Music ‘can reduce chronic pain’

While I doubt the IRS is going to let us claim iPods as med­ical equip­ment for tax deduc­tions any time soon, it’s well worth exper­i­ment­ing to see what music soothes each of us.

From BBC News via the Net-Gold list:

Research has con­firmed lis­ten­ing to music can have a sig­nif­i­cant pos­i­tive impact on per­cep­tion of chron­ic pain.

US researchers test­ed the effect of music on 60 patients who had endured years of chron­ic pain.

Those who lis­tened to music report­ed a cut in pain lev­els of up to 21%, and in asso­ci­at­ed depres­sion of up to 25%, com­pared to those who did not listen.

The Jour­nal of Advanced Nurs­ing study also found music helped peo­ple feel less dis­abled by their condition.

The patients who took part in the study were recruit­ed from pain and chi­ro­prac­tic clinics.

They had been suf­fer­ing from con­di­tions such osteoarthri­tis, disc prob­lems and rheuma­toid arthri­tis for an aver­age of six-and-a-half years.

Most said the pain affect­ed more than one part of their body, and was continuous.

Some lis­tened to music on a head­set for an hour every day for a week, while the rest did not.

Among those who lis­tened to music, half were able to choose their favourite selec­tions, the rest had to pick from a list of five relax­ing tapes pro­vid­ed by the researchers.

Con­sis­tent improvements

Researcher Dr San­dra Siedlec­ki, of the Cleve­land Clin­ic Foun­da­tion, said: “Our results show that lis­ten­ing to music had a sta­tis­ti­cal­ly sig­nif­i­cant effect on the two exper­i­men­tal groups, reduc­ing pain, depres­sion and dis­abil­i­ty and increas­ing feel­ings of power.

“There were some small dif­fer­ences between the two music groups, but they both showed con­sis­tent improve­ments in each cat­e­go­ry when com­pared to the con­trol group.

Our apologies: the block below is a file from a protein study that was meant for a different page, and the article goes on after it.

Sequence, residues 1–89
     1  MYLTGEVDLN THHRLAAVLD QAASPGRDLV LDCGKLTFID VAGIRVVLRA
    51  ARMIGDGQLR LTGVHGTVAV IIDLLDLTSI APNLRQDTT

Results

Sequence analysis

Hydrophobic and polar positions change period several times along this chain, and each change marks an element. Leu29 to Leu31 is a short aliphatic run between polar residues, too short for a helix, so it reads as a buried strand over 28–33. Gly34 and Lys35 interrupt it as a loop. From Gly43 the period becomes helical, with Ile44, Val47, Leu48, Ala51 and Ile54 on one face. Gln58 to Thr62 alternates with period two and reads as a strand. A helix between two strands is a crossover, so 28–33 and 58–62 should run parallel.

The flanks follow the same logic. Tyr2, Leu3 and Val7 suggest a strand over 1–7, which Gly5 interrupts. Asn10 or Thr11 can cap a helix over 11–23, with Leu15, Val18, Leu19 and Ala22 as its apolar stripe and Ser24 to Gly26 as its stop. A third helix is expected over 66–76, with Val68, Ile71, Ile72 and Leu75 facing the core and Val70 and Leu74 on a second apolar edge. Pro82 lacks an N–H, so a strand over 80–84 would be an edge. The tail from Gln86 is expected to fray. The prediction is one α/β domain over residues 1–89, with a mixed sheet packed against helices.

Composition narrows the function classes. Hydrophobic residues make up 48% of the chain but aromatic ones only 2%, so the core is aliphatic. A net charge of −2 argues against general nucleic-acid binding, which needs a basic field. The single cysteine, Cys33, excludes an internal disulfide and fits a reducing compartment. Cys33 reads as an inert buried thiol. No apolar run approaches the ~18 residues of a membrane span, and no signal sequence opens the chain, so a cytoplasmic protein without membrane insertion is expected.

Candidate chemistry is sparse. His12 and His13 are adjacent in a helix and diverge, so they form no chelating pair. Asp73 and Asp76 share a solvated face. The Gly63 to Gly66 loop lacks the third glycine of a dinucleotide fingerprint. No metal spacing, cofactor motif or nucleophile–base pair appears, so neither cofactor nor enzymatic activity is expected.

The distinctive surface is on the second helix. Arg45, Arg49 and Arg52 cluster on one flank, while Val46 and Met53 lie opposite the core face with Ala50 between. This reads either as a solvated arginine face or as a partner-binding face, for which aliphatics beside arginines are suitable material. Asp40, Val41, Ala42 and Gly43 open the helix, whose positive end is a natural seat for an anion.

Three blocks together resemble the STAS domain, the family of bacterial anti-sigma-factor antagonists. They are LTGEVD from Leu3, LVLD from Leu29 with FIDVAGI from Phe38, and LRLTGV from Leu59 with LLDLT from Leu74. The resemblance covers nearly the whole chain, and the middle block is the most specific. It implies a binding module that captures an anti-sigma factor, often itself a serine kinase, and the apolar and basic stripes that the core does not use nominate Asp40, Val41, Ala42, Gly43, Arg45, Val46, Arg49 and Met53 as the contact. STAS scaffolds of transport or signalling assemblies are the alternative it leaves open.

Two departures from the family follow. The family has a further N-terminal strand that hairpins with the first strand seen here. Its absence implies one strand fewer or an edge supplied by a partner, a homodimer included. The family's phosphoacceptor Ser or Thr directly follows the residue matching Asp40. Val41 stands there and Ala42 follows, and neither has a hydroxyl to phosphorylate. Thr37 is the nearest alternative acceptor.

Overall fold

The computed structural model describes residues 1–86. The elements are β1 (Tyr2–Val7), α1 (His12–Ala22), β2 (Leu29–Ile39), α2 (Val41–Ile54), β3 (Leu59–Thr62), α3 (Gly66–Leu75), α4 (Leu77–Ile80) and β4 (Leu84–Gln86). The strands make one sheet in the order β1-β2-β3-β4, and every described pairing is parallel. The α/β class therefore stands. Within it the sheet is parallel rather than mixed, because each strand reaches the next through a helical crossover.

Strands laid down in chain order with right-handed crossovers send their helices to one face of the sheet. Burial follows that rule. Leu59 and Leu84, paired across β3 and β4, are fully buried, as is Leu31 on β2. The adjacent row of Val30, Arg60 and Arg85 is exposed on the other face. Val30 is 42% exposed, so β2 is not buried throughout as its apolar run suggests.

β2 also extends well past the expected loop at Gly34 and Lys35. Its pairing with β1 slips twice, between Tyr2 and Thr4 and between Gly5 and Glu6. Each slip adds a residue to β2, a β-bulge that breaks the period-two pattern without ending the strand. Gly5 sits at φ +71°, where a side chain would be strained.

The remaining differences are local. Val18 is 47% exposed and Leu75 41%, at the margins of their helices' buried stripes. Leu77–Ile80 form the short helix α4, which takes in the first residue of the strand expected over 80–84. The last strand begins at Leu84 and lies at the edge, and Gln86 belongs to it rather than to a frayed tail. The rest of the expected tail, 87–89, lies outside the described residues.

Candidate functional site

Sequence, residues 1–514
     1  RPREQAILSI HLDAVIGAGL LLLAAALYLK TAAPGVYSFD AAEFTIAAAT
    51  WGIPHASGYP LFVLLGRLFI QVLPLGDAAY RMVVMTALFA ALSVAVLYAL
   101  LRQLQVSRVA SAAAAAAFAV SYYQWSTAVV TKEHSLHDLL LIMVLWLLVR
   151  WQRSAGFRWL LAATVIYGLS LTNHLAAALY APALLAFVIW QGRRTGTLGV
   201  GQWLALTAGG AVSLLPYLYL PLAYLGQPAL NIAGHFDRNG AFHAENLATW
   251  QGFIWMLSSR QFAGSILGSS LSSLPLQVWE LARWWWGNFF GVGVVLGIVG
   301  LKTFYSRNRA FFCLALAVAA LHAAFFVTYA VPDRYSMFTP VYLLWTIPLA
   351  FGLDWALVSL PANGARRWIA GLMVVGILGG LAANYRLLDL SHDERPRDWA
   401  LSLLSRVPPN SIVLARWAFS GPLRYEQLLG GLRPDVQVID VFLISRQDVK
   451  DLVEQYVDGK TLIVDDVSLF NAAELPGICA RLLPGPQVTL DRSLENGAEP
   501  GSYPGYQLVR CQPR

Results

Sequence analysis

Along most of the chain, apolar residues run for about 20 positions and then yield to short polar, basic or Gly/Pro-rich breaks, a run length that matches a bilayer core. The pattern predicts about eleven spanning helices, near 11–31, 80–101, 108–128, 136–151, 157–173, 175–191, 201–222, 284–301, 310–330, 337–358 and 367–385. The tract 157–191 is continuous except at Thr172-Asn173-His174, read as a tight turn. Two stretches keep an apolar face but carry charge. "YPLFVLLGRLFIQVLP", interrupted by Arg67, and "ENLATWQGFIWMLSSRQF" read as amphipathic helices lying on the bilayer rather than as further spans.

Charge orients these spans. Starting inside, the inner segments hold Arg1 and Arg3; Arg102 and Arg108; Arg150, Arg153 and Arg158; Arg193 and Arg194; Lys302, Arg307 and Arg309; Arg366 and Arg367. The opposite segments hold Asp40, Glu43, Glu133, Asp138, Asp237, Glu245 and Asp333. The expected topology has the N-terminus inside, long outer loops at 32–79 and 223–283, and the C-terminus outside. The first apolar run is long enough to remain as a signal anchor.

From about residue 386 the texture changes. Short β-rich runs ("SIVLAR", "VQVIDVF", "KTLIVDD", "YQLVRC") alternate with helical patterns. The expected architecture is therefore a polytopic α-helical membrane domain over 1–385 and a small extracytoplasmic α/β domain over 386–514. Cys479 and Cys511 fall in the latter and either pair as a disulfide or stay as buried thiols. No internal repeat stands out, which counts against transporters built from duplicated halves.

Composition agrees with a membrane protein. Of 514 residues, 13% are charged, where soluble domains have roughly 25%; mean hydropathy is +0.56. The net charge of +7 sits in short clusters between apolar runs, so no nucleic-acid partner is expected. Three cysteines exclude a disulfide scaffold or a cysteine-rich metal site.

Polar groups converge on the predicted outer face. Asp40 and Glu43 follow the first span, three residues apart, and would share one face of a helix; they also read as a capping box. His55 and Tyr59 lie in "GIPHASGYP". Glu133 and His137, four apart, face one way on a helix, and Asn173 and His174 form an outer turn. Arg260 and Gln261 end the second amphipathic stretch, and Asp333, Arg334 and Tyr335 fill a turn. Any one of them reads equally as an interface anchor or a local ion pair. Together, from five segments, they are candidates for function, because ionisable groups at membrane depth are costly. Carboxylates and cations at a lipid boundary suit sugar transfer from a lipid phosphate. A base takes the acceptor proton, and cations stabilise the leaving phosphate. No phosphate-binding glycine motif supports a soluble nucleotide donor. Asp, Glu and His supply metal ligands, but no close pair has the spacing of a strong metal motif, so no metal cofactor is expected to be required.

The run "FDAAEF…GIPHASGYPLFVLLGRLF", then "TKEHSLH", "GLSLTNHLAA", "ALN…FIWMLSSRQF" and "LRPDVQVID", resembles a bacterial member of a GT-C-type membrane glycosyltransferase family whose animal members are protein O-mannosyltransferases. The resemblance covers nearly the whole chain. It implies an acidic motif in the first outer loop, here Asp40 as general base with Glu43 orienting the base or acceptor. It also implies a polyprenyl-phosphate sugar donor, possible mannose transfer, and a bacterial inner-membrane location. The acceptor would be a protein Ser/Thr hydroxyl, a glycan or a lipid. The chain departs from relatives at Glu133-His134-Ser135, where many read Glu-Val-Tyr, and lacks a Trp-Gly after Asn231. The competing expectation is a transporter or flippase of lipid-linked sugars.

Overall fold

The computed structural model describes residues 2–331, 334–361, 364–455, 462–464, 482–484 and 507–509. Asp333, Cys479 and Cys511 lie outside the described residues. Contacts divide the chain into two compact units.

“Non-malig­nant pain remains a major health prob­lem and suf­fer­ers con­tin­ue to report high lev­els of unre­lieved pain despite using medication.

“So any­thing that can pro­vide relief is to be welcomed.”

Pro­fes­sor Mar­i­on Good, who also worked on the study, said: “Lis­ten­ing to music has already been shown to pro­mote a num­ber of pos­i­tive ben­e­fits and this research adds to the grow­ing body of evi­dence that it has an impor­tant role to play in mod­ern healthcare.”

Pre­vi­ous research pub­lished in the same jour­nal found lis­ten­ing to 45 min­utes of soft music before going to bed can improve sleep by more than a third.

Com­plex phenomenon

Dr Cathy Stan­nard, hon­orary sec­re­tary of the British Pain Soci­ety, said oth­er stud­ies had shown music could have a pos­i­tive impact on the per­cep­tion of pain.

But she said the effects tend­ed to be rel­a­tive­ly small, and there was doubt as to whether they were any­thing oth­er than very short term.

“The per­cep­tion of pain is very com­pli­cat­ed, and is influ­enced by fac­tors such as emo­tion, expe­ri­ence and mood,” she said.

“If music makes you feel relaxed and chilled out then one might expect it would affect our per­cep­tion of pain.”

Dr Stan­nard said it was pos­si­ble that music sim­ply pro­vid­ed a dis­trac­tion which stopped peo­ple con­cen­trat­ing on their pain.

She said it was not sur­pris­ing that drugs which had a spe­cif­ic action on the body often had a lim­it­ed effect on a phe­nom­e­non as com­plex as pain.

“We need to start to think out­side the box,” she said.

Cyn is a proud Mommy & Mémé, professional geek, avid reader, fledgling coder, enthusiastic gamer (TTRPGs), occasional singer, and devoted stitcher.
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